These days, it feels the whole nation is watching the long-term care communities with an array of emotions: judgement, compassion, sympathy, and sometimes outrage. Living and working under this microscope can weigh heavily on the entire long-term care community. Stress levels begin to run high and relationships among care-partners can become strained. When the outside world makes us feel unworthy of honor and respect, we begin to pass that sentiment on to our teammates and our capacity to build strong relationships begins to diminish.
We must look within ourselves and:
- Believe we matter
- Know our value
- Understand our WHY
- Believe we can feel good about the work we do
- Handle these challenging situations with dignity
- Make authentic connections
We all possess important values that we bring to work every day.
What values do you bring to the community?
- Energy: enthusiastic, lighthearted, being present, eager to learn new ways
- Connection: respectful, listens, engaging, pursues relationships
- Kindness: nurturing, gentle, patient, compassionate
- Forgiveness: apologizes sincerely, realizes own flaws, gives 2nd chances, see’s others points of view
- Caring: able to bring comfort, values independence of others, focuses on others’ needs
- Flexibility: open-minded, willing to think a new way, remains calm in adverse situations, proactive
We must pull from these values to remind us of our strengths and be able to lean into the strengths’ of our co-workers.
Many of us struggle with our WHY, especially during challenging times. Practice creating your WHY statement by listing two of your strengths, naming who you serve and describing your impact. Here is an example:
My WHY statement script is: I will bring empathy and patience to the elders, families and my co-workers in order to support and hear them.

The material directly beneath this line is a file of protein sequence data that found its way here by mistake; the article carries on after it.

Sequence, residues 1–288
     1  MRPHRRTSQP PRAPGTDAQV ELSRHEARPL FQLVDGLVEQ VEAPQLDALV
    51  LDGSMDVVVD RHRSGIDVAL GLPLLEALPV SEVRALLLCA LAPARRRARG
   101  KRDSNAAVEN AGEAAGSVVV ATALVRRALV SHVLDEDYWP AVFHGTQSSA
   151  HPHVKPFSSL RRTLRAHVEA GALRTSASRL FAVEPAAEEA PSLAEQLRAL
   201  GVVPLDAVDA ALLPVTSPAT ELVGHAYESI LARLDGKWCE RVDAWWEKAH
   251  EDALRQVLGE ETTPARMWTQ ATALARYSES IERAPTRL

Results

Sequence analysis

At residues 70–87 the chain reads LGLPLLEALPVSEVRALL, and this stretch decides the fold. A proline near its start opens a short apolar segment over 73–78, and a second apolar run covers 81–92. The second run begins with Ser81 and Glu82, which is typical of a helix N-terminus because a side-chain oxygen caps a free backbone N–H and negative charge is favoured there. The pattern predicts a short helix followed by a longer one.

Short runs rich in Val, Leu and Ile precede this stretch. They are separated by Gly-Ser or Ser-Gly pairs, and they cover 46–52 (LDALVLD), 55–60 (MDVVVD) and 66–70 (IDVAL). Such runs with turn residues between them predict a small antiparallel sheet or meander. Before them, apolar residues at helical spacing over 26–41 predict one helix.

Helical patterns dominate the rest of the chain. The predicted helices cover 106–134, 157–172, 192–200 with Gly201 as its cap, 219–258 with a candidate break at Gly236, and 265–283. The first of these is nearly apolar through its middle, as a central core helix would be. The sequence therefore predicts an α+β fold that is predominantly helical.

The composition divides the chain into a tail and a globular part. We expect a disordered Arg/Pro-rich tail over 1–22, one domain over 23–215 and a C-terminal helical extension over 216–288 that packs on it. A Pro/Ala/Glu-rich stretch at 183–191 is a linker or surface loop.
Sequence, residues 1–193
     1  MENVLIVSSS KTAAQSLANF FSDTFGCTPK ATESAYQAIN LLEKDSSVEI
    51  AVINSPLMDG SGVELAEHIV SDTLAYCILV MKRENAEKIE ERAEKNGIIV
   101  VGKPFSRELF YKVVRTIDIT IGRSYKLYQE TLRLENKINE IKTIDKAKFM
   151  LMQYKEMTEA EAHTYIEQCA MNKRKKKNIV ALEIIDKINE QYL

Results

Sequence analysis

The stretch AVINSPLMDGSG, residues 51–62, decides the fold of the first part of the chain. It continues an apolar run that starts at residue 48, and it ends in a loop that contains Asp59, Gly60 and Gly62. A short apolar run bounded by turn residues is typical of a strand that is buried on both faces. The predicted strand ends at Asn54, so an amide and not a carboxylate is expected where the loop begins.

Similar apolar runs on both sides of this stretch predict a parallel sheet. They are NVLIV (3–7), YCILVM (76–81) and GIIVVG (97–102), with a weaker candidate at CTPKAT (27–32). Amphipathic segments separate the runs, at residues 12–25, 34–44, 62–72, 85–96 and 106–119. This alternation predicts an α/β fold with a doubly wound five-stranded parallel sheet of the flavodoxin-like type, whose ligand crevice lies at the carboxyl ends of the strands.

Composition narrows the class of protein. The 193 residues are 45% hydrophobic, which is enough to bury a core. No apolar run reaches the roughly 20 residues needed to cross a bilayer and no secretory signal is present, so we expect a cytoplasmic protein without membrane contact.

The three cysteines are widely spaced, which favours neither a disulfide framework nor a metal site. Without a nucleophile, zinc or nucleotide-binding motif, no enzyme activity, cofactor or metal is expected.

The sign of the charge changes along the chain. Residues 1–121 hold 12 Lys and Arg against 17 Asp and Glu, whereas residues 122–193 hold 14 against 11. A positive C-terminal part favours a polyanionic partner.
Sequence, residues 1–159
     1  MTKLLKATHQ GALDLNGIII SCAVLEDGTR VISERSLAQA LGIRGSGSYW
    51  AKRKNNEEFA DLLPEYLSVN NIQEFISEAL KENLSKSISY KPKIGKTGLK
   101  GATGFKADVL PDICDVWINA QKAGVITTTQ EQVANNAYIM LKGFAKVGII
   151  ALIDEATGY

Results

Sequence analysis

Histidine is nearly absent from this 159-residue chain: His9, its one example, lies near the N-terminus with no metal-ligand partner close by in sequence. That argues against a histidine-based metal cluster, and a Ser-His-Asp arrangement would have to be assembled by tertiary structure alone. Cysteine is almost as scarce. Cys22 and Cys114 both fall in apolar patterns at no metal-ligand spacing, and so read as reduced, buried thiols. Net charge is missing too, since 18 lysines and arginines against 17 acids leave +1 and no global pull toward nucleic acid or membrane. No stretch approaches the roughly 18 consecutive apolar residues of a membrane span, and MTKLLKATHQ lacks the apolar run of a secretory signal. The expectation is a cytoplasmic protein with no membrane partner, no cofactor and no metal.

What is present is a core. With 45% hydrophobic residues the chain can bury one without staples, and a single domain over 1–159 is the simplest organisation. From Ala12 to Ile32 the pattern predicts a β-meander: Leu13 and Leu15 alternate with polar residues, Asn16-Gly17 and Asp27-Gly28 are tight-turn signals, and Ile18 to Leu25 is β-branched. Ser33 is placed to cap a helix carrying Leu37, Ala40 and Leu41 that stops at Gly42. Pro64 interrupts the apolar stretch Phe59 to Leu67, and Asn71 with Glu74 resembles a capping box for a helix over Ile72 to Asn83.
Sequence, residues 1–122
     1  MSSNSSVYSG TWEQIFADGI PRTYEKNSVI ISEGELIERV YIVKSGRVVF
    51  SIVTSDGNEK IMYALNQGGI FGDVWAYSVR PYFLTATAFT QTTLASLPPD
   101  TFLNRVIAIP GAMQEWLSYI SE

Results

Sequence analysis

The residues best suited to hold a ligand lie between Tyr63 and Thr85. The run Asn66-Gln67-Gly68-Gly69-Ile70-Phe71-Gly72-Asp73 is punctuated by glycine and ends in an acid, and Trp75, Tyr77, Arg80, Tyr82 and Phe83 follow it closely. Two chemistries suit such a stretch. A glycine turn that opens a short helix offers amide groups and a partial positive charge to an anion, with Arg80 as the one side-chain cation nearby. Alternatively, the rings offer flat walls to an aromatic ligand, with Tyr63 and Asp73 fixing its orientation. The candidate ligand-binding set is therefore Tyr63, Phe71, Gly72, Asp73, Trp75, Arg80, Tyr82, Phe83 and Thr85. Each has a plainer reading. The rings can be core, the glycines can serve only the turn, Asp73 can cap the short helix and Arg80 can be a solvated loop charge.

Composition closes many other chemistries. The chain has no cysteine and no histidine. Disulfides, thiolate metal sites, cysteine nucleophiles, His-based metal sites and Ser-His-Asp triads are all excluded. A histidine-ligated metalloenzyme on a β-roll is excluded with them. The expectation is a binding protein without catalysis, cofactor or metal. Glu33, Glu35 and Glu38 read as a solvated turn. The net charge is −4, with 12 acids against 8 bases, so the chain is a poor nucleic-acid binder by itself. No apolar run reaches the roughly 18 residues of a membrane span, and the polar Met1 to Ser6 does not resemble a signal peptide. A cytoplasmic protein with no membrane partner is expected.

Practice it, believe it and understand how much you matter not only during this time of a pandemic, but every day.
About the Author
Leslie Pedtke, LNHA is the owner and creator of Dignity Quotient, a long-term care consulting company. She speaks nationally on topics related to transforming cultures, leadership and person-directed communities. With over 25 years of long-term care experience, Leslie is a a licensed nursing home administrator and owner of Trenton Village Assisted Living and Memory Care. She is the author of What Living As A Resident Can Teach Long-Term Care Staff (Health Professions Press).
Read the book!
In this book, learn about the innovative Through the Looking Glass program, that puts staff in the shoes of the resident. Staff experience first-hand the challenges residents face by simulating a diagnosis and living alongside residents. The lessons learned create more empathetic and compassionate caregivers, improve care practices, and enhance well-being for both staff and residents. Learn how to set up this program in your organization and how it will help you eliminate personal body alarms, decrease falls, reduce use of psychotropic medications, increase staff retention and satisfaction, and be a more proactive community.